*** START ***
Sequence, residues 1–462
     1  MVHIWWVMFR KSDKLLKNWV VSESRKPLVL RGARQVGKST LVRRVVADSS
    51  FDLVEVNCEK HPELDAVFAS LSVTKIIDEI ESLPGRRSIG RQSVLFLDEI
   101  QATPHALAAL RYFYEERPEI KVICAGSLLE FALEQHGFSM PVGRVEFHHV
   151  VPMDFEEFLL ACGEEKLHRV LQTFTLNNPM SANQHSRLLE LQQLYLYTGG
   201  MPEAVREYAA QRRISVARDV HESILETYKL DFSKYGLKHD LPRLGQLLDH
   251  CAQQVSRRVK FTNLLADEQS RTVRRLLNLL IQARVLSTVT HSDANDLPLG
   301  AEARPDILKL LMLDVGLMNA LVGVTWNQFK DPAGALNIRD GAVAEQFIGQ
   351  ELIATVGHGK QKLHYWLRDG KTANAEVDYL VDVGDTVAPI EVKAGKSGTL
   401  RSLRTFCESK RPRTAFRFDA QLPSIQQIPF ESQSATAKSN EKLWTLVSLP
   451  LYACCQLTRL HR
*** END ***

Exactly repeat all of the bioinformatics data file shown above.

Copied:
Sequence, residues 1–462
     1  MVHIWWVMFR KSDKLLKNWV VSESRKPLVL RGARQVGKST LVRRVVADSS
    51  FDLVEVNCEK HPELDAVFAS LSVTKIIDEI ESLPGRRSIG RQSVLFLDEI
   101  QATPHALAAL RYFYEERPEI KVICAGSLLE FALEQHGFSM PVGRVEFHHV
   151  VPMDFEEFLL ACGEEKLHRV LQTFTLNNPM SANQHSRLLE LQQLYLYTGG
   201  MPEAVREYAA QRRISVARDV HESILETYKL DFSKYGLKHD LPRLGQLLDH
   251  CAQQVSRRVK FTNLLADEQS RTVRRLLNLL IQARVLSTVT HSDANDLPLG
   301  AEARPDILKL LMLDVGLMNA LVGVTWNQFK DPAGALNIRD GAVAEQFIGQ
   351  ELIATVGHGK QKLHYWLRDG KTANAEVDYL VDVGDTVAPI EVKAGKSGTL
   401  RSLRTFCESK RPRTAFRFDA QLPSIQQIPF ESQSATAKSN EKLWTLVSLP
   451  LYACCQLTRL HR